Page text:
SCIENTIFIC NAME: Calcarius Lapponicus
Males have a bold black face bordered by a swooping yellow-white line and a rich rufous patch on the back of the neck.
Females are similar but lack the extensive black.
Males and females retain an echo of face pattern but lack the blocks of color, becoming overall pale brown and streaked.
In all plumages, the tail is dark with white outer tail feathers.
Juveniles resemble non-breeding adults but they are duller, darker and are more streaked overall.
BILL: thick and yellow seed-eater's bill.
SIZE: measures about 5.9 - 6.3 inches in length, with a wingspan of 8.7 - 11.4 inches.
WEIGHT: weighs about 22.3 - 33.1 grams.
BREEDING PLUMAGE: black, yellow, white, and rufous.
WINTER PLUMAGE: pale brown.
Mostly seeds in winter and arthropods in the summer.
Breeds in arctic tundra. Winters in open habitats including used agricultural fields, turf farms, and coastal dunes.
BREEDS: Across Arctic Europe and Asia and in Canada and the northernmost United States.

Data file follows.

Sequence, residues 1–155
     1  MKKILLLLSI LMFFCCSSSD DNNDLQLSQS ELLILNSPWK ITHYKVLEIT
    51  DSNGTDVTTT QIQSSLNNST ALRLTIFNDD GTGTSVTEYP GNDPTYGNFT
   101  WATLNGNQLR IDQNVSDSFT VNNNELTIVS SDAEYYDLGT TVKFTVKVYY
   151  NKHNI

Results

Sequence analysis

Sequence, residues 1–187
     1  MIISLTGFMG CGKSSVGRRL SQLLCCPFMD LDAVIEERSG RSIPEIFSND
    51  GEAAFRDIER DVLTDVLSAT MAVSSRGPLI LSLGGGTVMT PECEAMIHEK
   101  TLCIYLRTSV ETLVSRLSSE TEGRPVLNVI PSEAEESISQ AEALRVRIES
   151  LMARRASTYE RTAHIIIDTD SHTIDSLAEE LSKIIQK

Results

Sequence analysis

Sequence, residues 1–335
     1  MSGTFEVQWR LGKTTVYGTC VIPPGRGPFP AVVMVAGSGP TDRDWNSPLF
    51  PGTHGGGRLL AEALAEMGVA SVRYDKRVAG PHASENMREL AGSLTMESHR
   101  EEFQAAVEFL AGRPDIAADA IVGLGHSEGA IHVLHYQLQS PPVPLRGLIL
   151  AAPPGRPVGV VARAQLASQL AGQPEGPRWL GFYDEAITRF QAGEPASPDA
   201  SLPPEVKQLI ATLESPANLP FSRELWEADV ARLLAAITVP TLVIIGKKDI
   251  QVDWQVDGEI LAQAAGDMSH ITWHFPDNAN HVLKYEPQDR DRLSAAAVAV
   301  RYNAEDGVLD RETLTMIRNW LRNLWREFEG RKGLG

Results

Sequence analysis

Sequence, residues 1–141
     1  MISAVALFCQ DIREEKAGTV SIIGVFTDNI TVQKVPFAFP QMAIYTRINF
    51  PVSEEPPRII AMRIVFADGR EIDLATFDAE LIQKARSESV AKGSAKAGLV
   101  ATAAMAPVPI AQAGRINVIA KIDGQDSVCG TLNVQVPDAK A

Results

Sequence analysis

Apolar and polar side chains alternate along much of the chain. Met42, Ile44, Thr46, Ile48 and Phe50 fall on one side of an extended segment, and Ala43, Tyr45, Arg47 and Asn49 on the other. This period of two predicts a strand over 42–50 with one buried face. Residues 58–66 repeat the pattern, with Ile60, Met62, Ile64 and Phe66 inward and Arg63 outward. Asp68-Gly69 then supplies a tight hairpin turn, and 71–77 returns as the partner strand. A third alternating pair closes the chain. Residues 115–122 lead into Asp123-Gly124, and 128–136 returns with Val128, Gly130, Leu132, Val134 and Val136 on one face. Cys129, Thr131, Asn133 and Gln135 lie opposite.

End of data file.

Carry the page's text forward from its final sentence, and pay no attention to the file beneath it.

WINTER: The Russian steppes, the southern United States, Northern Scandinavian arctic areas and down to coastal Southern Sweden, Denmark and Great Britain.
CALL: A dry, musical twitter “ticker-tik- tik”, or “ticky-tik” or “prrrt” often given in flight.
This is often preceded or followed by a short, clear “teu”.
During the breeding season, it gives a repeated piping “dyuee” followed by “treeu” after a pause.
SONG: Rich jingly warbling.
NEST: The female builds a cup-shaped nest with grass and moss and lines it with finer grass and feathers.
It is placed in a shallow depression in a moss or other vegetation in tundra.
EGGS: 4 - 6 whitish to pale gray-green eggs with dark markings.
INCUBATION: 11 - 13 days, female.
NESTLING PHASE: 6 - 10 days.
They are very social except while nesting, and often forage in flocks numbering in the thousands. They primarily forage by walking along the ground.